Body and Soul

Robert S. Cox

A product of the "spiritual hothouse" of the Second Great Awakening, Spiritualism became the fastest growing religion in the nation during the 1850s, and one of the principal responses to the widespread perception that American society was descending into atomistic particularity. In Body and Soul,... More


Best Practices in Online Teaching and Learning across Academic Disciplines

Edited by Ross C. Alexander

Online teaching and learning has surged in recent years, and faculty who normally teach in face-to-face settings are increasingly called upon to teach blended, hybrid, and fully online courses. Best Practices in Online Teaching and Learning across Academic Disciplines provides insights from... More


The Papers of George Washington
Revolutionary War Series, vol. 25
George Washington. Edited by William M. Ferraro

[Book description not available]


Confounding Father

Robert M. S. McDonald

Of all the founding fathers, Thomas Jefferson stood out as the most controversial and confounding. Loved and hated, revered and reviled, during his lifetime he served as a lightning rod for dispute. Few major figures in American history provoked such a polarization of public opinion. One supporter... More


The Battle for the Court

Lawrence Baum, David Klein, and Matthew J. Streb

Once largely ignored, judicial elections in the states have become increasingly controversial over the past two decades. Legal organizations, prominent law professors, and a retired Supreme Court justice have advocated the elimination of elections as a means to choose judges. One of their primary... More


The Making of a Racist

Charles B. Dew

In this powerful memoir, Charles Dew, one of America’s most respected historians of the South--and particularly its history of slavery--turns the focus on his own life, which began not in the halls of enlightenment but in a society unequivocally committed to segregation.Dew re-creates the... More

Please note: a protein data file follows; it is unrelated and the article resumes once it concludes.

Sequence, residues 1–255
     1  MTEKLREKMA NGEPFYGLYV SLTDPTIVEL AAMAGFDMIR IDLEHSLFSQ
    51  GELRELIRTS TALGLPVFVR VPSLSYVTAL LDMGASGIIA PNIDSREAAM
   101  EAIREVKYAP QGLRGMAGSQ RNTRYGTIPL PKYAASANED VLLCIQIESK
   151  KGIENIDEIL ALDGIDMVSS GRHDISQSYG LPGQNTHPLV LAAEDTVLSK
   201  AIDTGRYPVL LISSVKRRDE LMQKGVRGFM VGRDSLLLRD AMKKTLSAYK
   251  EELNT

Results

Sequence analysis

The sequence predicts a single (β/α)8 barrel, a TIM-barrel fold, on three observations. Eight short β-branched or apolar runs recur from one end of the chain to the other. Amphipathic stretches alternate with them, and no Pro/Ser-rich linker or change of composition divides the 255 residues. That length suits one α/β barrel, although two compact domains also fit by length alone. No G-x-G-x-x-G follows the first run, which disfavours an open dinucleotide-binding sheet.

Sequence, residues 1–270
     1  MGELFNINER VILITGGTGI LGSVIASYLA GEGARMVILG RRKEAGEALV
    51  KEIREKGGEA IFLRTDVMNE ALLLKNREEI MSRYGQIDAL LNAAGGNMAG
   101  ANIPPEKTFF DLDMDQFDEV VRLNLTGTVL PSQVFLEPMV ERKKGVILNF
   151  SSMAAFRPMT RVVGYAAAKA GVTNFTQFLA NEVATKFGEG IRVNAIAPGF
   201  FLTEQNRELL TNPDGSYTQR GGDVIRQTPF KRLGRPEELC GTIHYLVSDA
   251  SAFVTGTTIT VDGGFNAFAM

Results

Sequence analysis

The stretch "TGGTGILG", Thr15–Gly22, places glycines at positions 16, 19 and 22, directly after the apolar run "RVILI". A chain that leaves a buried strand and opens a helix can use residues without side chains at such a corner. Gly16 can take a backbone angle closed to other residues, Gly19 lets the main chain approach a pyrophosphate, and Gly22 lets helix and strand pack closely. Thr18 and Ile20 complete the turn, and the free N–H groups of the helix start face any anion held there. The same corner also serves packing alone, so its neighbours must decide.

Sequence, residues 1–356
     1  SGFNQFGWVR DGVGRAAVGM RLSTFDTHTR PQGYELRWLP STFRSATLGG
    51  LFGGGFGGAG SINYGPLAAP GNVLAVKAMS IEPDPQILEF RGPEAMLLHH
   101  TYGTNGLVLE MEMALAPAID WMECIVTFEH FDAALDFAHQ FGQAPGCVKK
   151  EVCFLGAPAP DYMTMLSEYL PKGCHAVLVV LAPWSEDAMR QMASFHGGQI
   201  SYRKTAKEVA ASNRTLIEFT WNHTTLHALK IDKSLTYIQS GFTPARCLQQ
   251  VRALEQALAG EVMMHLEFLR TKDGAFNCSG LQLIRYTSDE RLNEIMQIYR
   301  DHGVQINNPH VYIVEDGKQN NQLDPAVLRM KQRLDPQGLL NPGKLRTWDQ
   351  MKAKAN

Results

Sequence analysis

Face Value

Cary Carson

The Industrial Revolution was previously understood as having awakened an enormous, unquenchable thirst for material consumption. People up and down the social order had discovered and were indulging in the most extraordinary passion for consumer merchandise in quantities and varieties that had... More


Experiencing Empire

Patrick Griffin

Born of clashing visions of empire in England and the colonies, the American Revolution saw men and women grappling with power— and its absence—in dynamic ways. On both sides of the revolutionary divide, Americans viewed themselves as an imperial people. This perspective conditioned how they... More


Patriots, Prostitutes, and Spies

John M. Belohlavek

In Patriots, Prostitutes, and Spies, John M. Belohlavek tells the story of women on both sides of the Mexican-American War (1846-48) as they were propelled by the bloody conflict to adopt new roles and expand traditional ones.American women "back home" functioned as anti-war activists, pro-war... More


The Papers of James Madison
Secretary of State Series, vol. 11
James Madison, Mary A. Hackett, J. C. A. Stagg, Mary Parke Johnson, Anne Mandeville Colony, and Katharine E. Harbury

During the period covered by this volume, James Madison continued to deal with the United States' vexing relations with Europe. Mounting outrage against Great Britain's seizure of American vessels, impressment of seamen, and violations of trade agreements with British Canada erupted in Congress.... More


Jefferson's Body

Maurizio Valsania

What did Thomas Jefferson look like? How did he carry himself? Such questions, reasonable to ask as we look back on a person who lived in an era before photography, are the starting point for this boldly original new work. Maurizio Valsania considers all aspects of Jefferson’s complex conception of... More


The Uplift Generation

Clayton McClure Brooks

Offering a fresh look at interracial cooperation in the formative years of Jim Crow, The Uplift Generation examines how segregation was molded, not by Virginia’s white political power structure alone but rather through the work of a generation of Virginian reformers across the color line who from... More


Pages